Shuttle hides the FN25 motherboard’s most interesting feature up in the top corner of the board. Here, we find VIA’s Envy24PT audio controller, VT1617A codec, and a Wolfson WM8728 DAC. With support for 24-bit audio at sampling rates up to 96kHz, the Envy24PT hints at high-definition audio, but it’s not quite that easy. With analog output, codec and DAC sampling rates and resolutions also come into play, and that’s where the SN25P’s implementation falls a little short. The Envy24’s first six output channels are routed through the VT1617A codec, which only supports resolutions up to 20 bits and sampling rates up to 96kHz. The Wolfson DAC supports 24-bit/192kHz audio, but in an eight-channel configuration, it only handles channels seven and eight.

It would be wasteful just to use the high-end Wolfson DAC for channels seven and eight, but VIA’s Envy24PT drivers actually allow users to route two-channel stereo audio through the WM8728. This pipes stereo output through the SN25P’s rear 7/8 audio output, potentially offering superior fidelity to the VT1617A. At the very least, the driver switch allows users to enjoy two-channel 24-bit/96kHz audio output through analog speakers or headphones without having to worry about downsampling sapping fidelity.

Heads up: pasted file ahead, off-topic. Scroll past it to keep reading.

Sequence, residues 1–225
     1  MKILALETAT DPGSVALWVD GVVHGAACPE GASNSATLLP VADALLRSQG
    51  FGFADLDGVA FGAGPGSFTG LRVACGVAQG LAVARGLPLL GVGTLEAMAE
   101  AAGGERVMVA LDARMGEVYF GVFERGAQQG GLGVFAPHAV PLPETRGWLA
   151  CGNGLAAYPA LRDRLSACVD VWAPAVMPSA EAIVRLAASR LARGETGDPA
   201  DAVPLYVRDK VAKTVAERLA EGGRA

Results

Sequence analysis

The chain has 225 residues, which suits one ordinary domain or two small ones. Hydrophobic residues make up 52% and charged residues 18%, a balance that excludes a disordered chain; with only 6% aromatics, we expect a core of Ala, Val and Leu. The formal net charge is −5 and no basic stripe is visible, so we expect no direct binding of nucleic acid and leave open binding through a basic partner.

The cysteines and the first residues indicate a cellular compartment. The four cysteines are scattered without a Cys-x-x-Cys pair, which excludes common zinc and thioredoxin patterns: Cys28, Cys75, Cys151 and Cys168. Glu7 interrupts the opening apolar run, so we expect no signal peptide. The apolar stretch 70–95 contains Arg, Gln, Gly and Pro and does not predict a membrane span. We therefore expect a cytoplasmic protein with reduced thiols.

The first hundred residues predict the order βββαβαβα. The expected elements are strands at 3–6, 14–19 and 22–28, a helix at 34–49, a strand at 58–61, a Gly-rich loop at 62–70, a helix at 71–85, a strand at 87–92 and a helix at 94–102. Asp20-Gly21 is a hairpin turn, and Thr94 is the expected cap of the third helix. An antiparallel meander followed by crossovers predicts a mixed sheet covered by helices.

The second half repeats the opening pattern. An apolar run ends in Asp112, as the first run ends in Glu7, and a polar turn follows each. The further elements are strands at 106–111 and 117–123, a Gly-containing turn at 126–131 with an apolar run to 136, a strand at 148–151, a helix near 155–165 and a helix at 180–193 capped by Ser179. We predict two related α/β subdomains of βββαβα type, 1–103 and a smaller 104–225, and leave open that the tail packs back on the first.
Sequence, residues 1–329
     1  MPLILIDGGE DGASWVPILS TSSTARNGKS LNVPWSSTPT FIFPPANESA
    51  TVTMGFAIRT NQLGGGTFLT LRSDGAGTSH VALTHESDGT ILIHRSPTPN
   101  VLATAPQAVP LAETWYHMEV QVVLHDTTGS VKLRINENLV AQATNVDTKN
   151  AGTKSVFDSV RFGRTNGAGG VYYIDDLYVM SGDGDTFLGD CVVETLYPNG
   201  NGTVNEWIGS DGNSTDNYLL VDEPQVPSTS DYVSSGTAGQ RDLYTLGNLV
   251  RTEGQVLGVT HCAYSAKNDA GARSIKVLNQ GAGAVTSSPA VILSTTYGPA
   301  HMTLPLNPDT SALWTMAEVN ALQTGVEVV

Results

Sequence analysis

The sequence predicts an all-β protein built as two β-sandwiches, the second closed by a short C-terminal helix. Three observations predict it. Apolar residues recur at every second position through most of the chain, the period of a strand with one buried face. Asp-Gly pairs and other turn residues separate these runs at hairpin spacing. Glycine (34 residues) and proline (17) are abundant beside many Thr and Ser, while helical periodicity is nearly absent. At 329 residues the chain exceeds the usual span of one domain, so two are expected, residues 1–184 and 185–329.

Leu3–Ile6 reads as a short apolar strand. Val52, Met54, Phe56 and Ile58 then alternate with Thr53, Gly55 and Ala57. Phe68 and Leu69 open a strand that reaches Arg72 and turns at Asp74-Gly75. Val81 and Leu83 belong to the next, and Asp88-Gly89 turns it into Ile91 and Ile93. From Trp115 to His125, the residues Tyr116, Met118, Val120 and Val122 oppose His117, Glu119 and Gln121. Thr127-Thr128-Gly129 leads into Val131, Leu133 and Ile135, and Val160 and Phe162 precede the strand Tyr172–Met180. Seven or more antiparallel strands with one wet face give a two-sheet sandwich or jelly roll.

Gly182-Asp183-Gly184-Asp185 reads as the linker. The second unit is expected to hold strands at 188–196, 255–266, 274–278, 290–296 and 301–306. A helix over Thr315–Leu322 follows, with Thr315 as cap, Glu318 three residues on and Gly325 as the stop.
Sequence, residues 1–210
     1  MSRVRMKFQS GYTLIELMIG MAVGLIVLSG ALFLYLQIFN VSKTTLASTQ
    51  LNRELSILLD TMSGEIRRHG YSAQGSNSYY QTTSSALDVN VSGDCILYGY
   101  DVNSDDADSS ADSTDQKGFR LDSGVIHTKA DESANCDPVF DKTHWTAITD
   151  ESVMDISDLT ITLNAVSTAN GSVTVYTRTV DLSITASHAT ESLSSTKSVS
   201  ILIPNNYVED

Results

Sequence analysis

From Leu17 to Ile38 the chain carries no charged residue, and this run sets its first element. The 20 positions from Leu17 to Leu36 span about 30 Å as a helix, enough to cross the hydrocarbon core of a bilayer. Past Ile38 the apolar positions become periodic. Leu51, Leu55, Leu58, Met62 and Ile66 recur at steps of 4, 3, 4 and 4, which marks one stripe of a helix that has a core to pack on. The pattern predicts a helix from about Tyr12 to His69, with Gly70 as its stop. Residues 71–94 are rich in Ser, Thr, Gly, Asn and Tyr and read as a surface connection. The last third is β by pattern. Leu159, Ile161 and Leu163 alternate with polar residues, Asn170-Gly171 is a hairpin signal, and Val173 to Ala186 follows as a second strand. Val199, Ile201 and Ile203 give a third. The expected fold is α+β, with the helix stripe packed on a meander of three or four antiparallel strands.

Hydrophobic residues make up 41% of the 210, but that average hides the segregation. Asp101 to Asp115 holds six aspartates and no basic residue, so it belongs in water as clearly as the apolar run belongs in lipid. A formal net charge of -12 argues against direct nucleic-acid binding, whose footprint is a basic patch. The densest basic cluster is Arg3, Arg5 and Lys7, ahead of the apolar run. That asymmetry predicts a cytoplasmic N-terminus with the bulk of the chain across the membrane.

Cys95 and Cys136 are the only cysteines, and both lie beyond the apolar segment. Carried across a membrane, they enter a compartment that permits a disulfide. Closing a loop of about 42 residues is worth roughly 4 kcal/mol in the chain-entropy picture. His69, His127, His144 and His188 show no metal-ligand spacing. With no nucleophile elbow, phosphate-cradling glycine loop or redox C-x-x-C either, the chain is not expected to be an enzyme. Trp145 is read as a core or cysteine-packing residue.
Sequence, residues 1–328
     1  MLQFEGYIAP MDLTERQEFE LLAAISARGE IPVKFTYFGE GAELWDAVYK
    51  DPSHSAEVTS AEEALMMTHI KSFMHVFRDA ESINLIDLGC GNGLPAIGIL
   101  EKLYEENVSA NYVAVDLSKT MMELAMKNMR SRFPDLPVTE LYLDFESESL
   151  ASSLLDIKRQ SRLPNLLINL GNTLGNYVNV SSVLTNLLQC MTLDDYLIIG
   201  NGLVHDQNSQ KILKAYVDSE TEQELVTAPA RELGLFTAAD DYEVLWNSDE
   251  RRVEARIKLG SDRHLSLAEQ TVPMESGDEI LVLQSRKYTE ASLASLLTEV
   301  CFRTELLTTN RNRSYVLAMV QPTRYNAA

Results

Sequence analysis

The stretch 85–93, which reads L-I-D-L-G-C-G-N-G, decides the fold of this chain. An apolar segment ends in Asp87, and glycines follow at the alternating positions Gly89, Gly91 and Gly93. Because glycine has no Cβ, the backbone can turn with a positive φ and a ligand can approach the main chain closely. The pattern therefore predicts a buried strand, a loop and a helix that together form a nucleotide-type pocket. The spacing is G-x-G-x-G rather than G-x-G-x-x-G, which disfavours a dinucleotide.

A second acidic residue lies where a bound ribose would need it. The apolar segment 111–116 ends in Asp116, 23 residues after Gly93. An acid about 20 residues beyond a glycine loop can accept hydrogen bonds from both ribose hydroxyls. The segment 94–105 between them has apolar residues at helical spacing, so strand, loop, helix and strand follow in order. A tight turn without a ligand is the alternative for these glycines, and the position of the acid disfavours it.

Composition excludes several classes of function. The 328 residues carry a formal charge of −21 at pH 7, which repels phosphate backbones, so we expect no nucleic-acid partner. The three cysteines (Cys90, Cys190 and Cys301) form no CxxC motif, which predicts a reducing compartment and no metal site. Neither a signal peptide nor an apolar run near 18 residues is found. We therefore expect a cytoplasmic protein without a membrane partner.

Cooling and power
The SN25P ditches Shuttle’s venerable ICE CPU/system cooler in favor of dedicated cooling zones for the system’s processor, hard drives, and power supply and graphics card. Since the CPU zone is the most important one, we’ll start there.